The associated costs sorely strain the healthcare system, too, with results of a 2009 study showing that subjects with metabolic syndrome incurred average annual healthcare expenses 1.6 times those of subjects without: $5,732 compared to $3,581.2

Yet as Steve Prescott, senior vice president, business development/operations, Synbiotic Health (Lincoln, NB), notes, the price of poor metabolic health isn’t denominated in dollars and cents alone, but also in “the difficulties encountered on a daily basis by people affected,” he says, “whether that’s more health appointments and hospital visits or the inability to do activities they enjoy.”

In the Loop

Chipping away at these costs is complicated by the fact that the elements contributing to metabolic disorders—including high body mass and stress—exist in a vicious circle that’s…well, complicated.

As Margherita Patrucco, technical marketing and product development, Probiotical SpA (Novara, Italy), explains, “Excess weight, especially obesity, harms metabolic health by disrupting hormonal regulation and appetite control—thus causing insulin resistance, dyslipidemia, high blood pressure, and inflammation.”

Meanwhile, overweight and obesity can generate stress that in its own right compromises metabolic health by promoting further unhealthy eating, discouraging physical activity, and curtailing high-quality sleep.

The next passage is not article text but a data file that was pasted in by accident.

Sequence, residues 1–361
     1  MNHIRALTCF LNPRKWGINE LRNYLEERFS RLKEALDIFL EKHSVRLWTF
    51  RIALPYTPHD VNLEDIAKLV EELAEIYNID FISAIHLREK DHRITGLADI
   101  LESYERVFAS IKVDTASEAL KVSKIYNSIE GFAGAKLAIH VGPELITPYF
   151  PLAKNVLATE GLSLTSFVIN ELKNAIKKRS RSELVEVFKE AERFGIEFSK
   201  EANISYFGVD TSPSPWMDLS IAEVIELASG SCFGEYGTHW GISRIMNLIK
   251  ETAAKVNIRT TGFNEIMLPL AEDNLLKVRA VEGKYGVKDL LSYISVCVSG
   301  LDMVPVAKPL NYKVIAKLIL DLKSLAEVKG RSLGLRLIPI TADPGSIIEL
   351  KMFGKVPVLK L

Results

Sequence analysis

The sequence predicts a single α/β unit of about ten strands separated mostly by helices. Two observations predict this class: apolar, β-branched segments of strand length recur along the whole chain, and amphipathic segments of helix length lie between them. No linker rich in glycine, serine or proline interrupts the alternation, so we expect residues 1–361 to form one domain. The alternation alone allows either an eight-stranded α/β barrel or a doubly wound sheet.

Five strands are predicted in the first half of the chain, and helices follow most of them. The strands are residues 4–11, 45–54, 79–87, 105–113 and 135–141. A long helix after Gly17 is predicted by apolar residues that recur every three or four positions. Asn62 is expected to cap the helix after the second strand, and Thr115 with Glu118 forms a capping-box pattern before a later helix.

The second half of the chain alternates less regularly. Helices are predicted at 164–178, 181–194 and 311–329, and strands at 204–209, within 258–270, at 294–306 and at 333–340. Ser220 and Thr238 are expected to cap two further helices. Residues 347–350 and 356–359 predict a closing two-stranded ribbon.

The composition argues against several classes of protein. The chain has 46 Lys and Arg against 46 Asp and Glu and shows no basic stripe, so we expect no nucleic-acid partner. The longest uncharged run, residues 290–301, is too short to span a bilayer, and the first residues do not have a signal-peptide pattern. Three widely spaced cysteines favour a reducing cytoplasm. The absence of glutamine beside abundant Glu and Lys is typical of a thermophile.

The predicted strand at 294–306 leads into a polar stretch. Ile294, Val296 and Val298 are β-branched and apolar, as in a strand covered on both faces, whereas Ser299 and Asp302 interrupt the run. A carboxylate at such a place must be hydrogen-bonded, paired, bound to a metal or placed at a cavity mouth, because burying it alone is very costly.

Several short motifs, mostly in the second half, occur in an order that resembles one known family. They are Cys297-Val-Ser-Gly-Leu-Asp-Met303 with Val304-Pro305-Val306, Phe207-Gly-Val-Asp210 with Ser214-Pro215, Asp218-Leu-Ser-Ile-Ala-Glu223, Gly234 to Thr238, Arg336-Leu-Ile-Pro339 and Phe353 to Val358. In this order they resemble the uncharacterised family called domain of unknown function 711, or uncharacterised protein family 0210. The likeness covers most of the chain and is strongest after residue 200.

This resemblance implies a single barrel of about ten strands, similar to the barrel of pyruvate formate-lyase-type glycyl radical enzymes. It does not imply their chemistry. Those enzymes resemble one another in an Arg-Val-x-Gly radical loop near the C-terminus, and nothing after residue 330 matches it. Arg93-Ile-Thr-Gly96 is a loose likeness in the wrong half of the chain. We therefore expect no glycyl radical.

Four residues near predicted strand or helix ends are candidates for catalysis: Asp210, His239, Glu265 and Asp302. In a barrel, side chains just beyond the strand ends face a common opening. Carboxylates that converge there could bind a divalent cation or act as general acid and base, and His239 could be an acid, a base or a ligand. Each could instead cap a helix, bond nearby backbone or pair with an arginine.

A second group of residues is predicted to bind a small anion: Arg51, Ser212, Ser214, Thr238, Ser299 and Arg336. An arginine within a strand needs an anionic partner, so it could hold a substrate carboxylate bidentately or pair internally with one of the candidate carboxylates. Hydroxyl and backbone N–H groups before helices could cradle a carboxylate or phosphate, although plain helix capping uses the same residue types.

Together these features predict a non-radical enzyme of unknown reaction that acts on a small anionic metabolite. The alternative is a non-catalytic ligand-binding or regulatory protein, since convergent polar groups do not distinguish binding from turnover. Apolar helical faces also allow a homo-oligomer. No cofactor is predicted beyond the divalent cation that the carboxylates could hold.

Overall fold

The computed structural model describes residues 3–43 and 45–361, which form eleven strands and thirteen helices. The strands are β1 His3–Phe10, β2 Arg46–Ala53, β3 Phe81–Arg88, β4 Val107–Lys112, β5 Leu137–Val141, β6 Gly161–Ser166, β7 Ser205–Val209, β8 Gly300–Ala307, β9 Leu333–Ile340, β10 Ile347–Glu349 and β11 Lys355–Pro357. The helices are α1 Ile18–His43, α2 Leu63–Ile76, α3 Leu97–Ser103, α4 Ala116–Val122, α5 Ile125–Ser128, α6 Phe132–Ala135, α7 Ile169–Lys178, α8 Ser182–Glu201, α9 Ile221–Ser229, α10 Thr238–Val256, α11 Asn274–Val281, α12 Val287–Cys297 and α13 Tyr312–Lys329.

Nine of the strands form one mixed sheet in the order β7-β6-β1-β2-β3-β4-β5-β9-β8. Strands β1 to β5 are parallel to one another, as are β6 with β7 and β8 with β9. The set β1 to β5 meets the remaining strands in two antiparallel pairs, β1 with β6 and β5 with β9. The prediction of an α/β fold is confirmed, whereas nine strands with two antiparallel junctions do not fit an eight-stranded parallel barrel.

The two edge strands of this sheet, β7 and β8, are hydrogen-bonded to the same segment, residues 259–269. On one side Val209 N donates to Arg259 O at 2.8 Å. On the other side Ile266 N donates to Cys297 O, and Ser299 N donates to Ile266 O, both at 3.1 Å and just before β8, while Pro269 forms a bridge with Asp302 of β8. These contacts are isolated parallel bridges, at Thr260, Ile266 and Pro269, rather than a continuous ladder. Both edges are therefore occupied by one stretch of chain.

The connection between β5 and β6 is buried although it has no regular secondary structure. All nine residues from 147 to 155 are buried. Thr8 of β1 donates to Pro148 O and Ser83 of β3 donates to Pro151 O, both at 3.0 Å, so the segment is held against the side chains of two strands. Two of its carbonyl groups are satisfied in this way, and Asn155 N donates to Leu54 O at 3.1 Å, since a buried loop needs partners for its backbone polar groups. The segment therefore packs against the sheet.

The upshot: We wind up in “an insidious feedback loop where stress, weight gain, and poor metabolic health reinforce each other,” Patrucco concludes, “making the cycle challenging to break.”

Axis Powers

But a potential point of leverage lies in one of the chain’s key links: the gut microbiota.

As Riera points out, metabolic health “encompasses an intricate interplay of genetic, epigenetic, dietary, and lifestyle factors, as well as microbiome-related factors. Growing evidence indicates that this ‘metabolic dance’ involves a symbiosis between our bodies and the ecosystem of microorganisms that comprise our microbiome.”

The choreographers of that dance are the various “gut-organ axes” that coordinate communication between gut microbes and our bodies’ governing systems—and an axis that’s attracting significant attention for its influence on whole-body health is the gut-brain axis connecting mood, mass, metabolism, and our microbiome in a bidirectional conversation.

Target Practice: Matching Strain to Symptoms

Getting probiotic supplementation right is all about targeting the strain to the concern—whether that’s gut health and immunity or metabolic health, mood, and weight management.

And as Allie Chandler, head of brand and head of B2B marketing, Novozymes OneHealth North America (Franklinton, NC), says, “Within the context of the gut microbiome, there are keystone species that play crucial roles in maintaining the structure and function of the microbial community and that can have profound impacts on host physiology—including on weight and metabolic health.”

Here are some of her top picks, and why:

Akkermansia muciniphila
Feeds on the mucin layer of the gut, which can stimulate the production of new mucin, maintaining a healthy gut barrier.